In October 2018 the Federal Court found that Birubi had made false and misleading representations in breach of the Australian Consumer Law in the sale of souvenir boomerangs, didgeridoos, message stones and bullroarers. Birubi marketed and labelled these products as Australian made and hand painted by Australian Aboriginal persons, when in fact they were made in Indonesia. The court found that the representations were likely to mislead consumers into believing that the products were hand painted by indigenous artists and were made in Australia. Justice Melissa Perry today imposed a $2.3 million fine on the company, plus an order to pay the ACCC’s legal costs.
In reaching its decision on the penalty to impose, the court relied on expert evidence of Professor Jon Altman and Dr Wananamba Marika AO regarding the harm to indigenous culture from fake art and the direct economic benefits to Indigenous artists and their communities from producing and selling authentic art and artefacts. The court emphasised the need to consider the economic, social and cultural harm caused by selling fake artefacts. Her Honour referred to:
“the need in assessing such impacts to have regard in particular to the significant, systemic disadvantage suffered by Indigenous Australians especially in remote rural areas, and to the interrelationship between specific designs, personal identity, and connection to country, under Indigenous Australian lores and customs.”
In the judgment the court acknowledged the evidence of Professor Altman regarding the importance of art centres in remote areas in their many capacities – in providing employment and training, administrative support, as a meeting place and place of work, to ensure records of provenance and distinct regional styles, and the protection of intellectual and cultural property. Government funding has recognised the “high economic and social rates of return on the investment of public funds in such centres”. Dr Marika also emphasised the important of traditional lores as designs are often specific to a particular region and cannot be used by people from another region without permission.
The court said that it imposed a high penalty to discourage other businesses from misrepresenting the provenance of Indigenous art and artefacts and to warn businesses from engaging in similar conduct. The court found that it was important to deter this type of misrepresentation because of the cultural and economic consequences of the sale of fake Indigenous artefacts.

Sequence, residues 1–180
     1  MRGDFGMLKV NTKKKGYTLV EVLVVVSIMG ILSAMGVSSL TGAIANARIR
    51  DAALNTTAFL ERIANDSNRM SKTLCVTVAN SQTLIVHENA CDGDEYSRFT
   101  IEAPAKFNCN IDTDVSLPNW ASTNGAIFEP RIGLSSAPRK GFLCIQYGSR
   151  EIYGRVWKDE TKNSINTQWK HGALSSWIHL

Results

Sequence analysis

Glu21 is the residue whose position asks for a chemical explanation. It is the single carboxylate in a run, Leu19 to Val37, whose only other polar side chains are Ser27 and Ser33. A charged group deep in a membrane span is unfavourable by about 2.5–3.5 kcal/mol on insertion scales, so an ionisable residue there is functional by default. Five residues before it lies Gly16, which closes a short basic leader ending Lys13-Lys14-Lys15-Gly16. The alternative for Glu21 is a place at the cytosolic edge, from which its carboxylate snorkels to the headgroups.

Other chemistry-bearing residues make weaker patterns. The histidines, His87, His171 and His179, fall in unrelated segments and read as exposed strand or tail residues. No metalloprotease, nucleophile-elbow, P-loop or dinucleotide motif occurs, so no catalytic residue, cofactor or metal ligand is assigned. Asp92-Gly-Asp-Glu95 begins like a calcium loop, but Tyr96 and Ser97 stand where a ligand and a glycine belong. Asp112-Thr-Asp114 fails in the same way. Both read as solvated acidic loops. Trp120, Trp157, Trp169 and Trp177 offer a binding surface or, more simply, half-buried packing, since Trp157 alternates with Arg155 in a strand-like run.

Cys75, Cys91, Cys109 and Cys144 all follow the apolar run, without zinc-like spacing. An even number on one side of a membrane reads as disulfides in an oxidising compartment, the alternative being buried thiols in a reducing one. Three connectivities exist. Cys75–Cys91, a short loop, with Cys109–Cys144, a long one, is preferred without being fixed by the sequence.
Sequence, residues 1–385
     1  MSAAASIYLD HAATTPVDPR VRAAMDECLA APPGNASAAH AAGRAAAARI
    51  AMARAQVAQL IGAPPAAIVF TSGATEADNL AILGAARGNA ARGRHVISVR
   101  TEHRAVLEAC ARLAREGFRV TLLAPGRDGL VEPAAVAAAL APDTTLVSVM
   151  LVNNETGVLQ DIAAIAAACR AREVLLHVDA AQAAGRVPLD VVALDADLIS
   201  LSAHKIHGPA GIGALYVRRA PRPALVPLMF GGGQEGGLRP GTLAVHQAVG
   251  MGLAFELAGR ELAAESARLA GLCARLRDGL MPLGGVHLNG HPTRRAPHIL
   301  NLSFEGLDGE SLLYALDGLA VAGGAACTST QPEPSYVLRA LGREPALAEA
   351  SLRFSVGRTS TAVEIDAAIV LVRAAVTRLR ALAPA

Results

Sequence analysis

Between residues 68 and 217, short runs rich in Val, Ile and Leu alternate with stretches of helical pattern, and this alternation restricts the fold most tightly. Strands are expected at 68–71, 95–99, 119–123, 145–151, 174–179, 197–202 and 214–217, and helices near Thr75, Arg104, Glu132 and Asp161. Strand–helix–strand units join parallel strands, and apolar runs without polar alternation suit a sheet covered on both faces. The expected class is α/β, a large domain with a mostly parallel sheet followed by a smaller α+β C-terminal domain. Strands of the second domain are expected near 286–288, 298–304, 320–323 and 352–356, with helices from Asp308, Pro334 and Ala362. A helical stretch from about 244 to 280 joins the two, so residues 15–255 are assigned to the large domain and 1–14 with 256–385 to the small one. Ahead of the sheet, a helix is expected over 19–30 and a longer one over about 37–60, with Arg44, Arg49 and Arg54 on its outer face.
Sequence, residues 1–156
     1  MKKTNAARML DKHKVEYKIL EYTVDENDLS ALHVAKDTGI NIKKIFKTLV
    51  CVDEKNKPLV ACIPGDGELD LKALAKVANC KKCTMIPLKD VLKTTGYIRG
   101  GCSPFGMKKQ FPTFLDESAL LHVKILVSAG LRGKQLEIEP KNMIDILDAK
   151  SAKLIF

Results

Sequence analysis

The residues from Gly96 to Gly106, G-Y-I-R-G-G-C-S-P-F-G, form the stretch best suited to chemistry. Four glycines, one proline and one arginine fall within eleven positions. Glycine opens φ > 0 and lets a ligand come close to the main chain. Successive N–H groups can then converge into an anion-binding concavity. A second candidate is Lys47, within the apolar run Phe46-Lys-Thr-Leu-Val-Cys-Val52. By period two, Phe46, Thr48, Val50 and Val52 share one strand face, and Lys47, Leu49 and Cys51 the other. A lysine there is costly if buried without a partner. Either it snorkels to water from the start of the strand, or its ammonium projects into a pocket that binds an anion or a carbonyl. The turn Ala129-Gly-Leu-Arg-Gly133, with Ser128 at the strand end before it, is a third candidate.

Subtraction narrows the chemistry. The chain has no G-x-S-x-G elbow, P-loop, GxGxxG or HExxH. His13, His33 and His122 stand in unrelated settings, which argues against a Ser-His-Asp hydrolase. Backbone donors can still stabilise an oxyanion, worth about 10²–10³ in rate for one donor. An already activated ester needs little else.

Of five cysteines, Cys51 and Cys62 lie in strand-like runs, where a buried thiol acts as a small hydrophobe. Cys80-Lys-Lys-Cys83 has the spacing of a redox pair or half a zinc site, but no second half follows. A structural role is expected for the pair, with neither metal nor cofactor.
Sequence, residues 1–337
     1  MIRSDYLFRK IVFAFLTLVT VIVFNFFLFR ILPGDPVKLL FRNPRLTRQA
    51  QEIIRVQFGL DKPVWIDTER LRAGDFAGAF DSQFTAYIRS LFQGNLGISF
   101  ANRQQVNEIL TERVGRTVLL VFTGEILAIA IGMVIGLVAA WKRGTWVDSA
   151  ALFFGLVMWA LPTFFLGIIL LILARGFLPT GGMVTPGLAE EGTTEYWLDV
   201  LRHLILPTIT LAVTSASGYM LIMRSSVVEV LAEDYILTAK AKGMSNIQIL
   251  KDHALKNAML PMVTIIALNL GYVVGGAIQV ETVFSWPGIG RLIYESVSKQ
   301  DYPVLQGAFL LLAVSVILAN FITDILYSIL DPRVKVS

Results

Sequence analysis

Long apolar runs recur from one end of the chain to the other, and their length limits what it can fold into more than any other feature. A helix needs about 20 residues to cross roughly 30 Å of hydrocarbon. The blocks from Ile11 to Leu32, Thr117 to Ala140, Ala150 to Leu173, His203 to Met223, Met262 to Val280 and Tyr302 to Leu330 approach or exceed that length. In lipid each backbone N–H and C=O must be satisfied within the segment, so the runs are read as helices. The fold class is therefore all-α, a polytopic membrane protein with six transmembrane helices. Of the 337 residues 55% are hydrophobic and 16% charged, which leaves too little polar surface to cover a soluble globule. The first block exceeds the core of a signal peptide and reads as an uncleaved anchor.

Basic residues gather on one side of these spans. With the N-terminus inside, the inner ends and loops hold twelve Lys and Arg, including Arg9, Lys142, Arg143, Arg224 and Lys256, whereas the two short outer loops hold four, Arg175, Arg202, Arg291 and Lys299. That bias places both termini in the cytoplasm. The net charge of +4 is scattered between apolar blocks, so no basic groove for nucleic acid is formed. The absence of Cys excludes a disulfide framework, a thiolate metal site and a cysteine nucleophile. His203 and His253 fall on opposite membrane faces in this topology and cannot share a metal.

Justice Perry stated that:
“the potential impact of misrepresentations such as those made in this case are significant, with the Indigenous art and souvenirs sector having grown rapidly over the last 50 years and now generating revenue in the order of $300-500 million per year.”
The penalty signifies the court’s view about the seriousness of this type of conduct. Birubi is currently in liquidation and is unlikely to be able to pay the fine but despite this, the court wanted to send a clear message of deterrence.
Arts Law, along with The Indigenous Art Code and Copyright Agency, have been calling for tougher laws to protect against the misrepresentation of fake art for the past few years. The judgment, although welcome, does not make it illegal to sell fake Aboriginal Art as long as misleading representations are not made about the authenticity of the products.
Australia’s First Nations artists and communities are vulnerable to the exploitation of their culture and heritage because our legal system currently does not sufficiently protect Indigenous Cultural and Intellectual Property (ICIP). Stronger laws which recognise ICIP are needed, and Arts Law continues to advocate for this both domestically and on international platforms. These laws need to go beyond the principles relied on in this decision to ensure authenticity of art works and self-determination by First Nations Artists.
Prohibiting the sale of fake Indigenous art work through clear laws will foster a market in which authentic expressions of culture through art can thrive and consumers can rely on the authenticity of Indigenous products and artwork.
Andrew Wiseman, Partner Allens and Vice-President of Arts Law, reflects that if Australia is serious about supporting and protecting Indigenous Culture, the Birubi decision, while helpful in limited circumstances, proves the case that Australia needs more than current Australian Consumer Law protection. Misleading and deceptive conduct is the wrong platform to protect artists and consumers from the sale of fake art. What is needed is protection from misappropriation of the traditional cultural rights of Indigenous artists. Neither the current Australian Consumer Law nor the Copyright Act provides this. He says the drafting has been done. Let’s show we are serious – and get the Fake Art Bill through to legislation. Now.